An accounting change, such as the introduction of IFRS 16, does not in itself alter underlying economics. It follows that equity values derived from DCF models should also be unaffected. However, the IFRS 16 lease accounting changes seem to be creating some confusion.
We explain how to correctly adjust your DCF calculations and provide an interactive pre and post lease capitalisation model to illustrate. IFRS 16 makes DCF analysis easier and less prone to error; leaving your model based on pre-IFRS 16 figures is definitely not the best approach.
We all know that a change in financial reporting does not affect fundamental value (unless, of course, there are secondary effects such as an impact on tax cash flows). Therefore, you would think that equity values produced by discounted cash flow models would be unaffected by the additional capitalisation of leases under IFRS 16. However, IFRS 16 creates challenges for DCF modelling that do not arise from any of the other recent accounting changes
The problem is that, under IFRS 16, cash flows are reclassified, which impacts the measurement of operating cash flow, and new debt appears on the balance sheet. Both operating cash flow, as a component of enterprise free cash flow, and net debt are key components in an enterprise value based DCF analysis. Unless you are careful when adjusting for IFRS 16, your DCF model can go badly wrong.
The issue with leasing in DCF analysis is not new because you are already dealing with finance leases in your current DCF model. The problem is that few companies had finance leases that were material enough to necessitate their separate treatment in DCF models. However, capitalised leases will be a significant feature for a much wider range of companies post IFRS 16. Getting your DCF model right is now much more important.
We initially focus on lease accounting under IFRS 16. US GAAP is different; more on this later.
How to adjust a DCF model for IFRS 16
Just to be clear, we are talking about enterprise value based DCF models. This is the most common and, in our view, the best approach to DCF. If you use the discounted equity cash flow approach (including the dividend discount model) then IFRS 16 has little or no effect because both equity free cash flow and the cost of equity are unaffected by whether leases are capitalised or not.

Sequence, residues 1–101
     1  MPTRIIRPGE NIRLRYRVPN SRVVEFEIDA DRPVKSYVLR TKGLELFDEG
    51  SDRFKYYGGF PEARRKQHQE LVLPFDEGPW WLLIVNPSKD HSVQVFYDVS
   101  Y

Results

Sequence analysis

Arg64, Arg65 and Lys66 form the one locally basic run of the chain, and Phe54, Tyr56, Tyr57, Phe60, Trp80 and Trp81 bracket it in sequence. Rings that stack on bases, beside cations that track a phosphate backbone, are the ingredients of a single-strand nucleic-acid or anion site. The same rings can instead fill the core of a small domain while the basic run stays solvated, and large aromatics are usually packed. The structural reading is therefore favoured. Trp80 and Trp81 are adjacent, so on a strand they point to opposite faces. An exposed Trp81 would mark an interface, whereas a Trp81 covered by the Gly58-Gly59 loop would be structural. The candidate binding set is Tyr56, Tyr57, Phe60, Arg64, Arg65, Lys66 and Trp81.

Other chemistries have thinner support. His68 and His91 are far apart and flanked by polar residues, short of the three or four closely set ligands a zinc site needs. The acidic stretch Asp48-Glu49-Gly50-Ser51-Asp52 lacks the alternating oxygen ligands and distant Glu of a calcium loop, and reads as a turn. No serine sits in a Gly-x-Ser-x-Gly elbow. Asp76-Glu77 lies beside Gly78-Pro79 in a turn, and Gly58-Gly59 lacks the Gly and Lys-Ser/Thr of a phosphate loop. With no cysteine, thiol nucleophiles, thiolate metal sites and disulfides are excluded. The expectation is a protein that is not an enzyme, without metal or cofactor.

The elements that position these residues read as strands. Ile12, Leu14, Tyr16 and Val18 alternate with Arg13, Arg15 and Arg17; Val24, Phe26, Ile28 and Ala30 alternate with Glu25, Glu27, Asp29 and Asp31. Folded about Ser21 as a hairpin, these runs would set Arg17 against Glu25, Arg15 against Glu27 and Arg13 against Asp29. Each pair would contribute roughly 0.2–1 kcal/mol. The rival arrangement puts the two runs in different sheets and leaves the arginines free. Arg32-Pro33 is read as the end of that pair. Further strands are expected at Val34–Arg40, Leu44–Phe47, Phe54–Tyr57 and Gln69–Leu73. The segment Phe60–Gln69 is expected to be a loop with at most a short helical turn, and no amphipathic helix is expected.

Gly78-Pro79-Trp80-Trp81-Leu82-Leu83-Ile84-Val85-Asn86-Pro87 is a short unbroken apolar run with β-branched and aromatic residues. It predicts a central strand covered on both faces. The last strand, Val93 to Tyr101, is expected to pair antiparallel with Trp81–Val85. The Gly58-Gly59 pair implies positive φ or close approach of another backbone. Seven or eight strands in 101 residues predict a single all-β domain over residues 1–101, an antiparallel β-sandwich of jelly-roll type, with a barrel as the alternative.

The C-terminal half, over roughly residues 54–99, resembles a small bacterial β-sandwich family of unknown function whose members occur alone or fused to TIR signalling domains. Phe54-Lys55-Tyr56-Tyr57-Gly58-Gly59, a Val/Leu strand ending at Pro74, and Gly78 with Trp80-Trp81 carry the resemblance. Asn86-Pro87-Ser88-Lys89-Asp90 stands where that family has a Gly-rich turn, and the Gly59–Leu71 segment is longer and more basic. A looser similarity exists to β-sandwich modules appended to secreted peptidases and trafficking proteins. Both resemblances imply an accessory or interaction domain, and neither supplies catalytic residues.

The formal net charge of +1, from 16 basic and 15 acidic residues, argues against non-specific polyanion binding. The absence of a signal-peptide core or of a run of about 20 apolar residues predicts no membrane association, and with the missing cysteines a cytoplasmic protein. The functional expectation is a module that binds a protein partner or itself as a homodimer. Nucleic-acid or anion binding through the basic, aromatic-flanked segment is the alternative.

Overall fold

Updating a discounted enterprise cash flow model for the effects of IFRS 16 is more challenging. It means changing the cash flows, the discount rate applied to those cash flows, and also the adjustments to convert your DCF derived enterprise value to the implied equity value. But if done correctly you should find that there is no change to your DCF value. The key thing to remember is to treat lease liabilities and the related flows as financing for all aspects of DCF analysis.
Here are the 4 steps you need …
Step 1: Exclude the former operating lease expense from enterprise free cash flow
For capitalised leases, the lease payments represent a repayment of finance and not an operating expense or operating cash out flow. Therefore, do not include lease payments in enterprise free cash flow unless they relate to elements of leases that are not subject to capitalisation, such as those related to short-term leases or certain variable lease payments.
In practice, enterprise free cash flow calculations generally start with a profit measure such as EBITDA or NOPAT, with separate adjustment for working capital changes, capital expenditure and other items to derive free cash flow. If you have adjusted your forecasts to reflect IFRS 16, then the old operating lease expense will have been replaced by the depreciation of the right of use asset and interest on the lease liability. Since neither of these expense items are part of free cash flow, then you should not need to make any separate adjustments and the lease payments will be automatically excluded.
To learn more about the mechanics of IFRS 16 see our article – Leasing: Are you prepared for IFRS 16?
In our illustrative model below, we derive free cash flow from EBITDAR (earnings before interest, tax, depreciation, amortisation and rent expense) just to emphasise that the old operating lease expense is no longer deducted.
Step 2: Include the cost of new leased assets in forecast capital expenditure
This is perhaps the least intuitive part of the required adjustments and the one that could easily be missed. When new leases originate a new lease liability and a new right of use asset are recognised, but there is no actual cash flow at that time. However, this zero cash flow is, in effect, made up of two offsetting items – a new lease liability inflow (a financing flow) and a right-of-use asset purchase outflow (an investing flow).
Each of these flows is treated differently in determining enterprise free cash flow. The lease financing inflow is excluded, just as new debt would be. However, the right-of-use asset purchase outflow should be deducted, as is other capital expenditure. In the model below we call this leasing capital expenditure.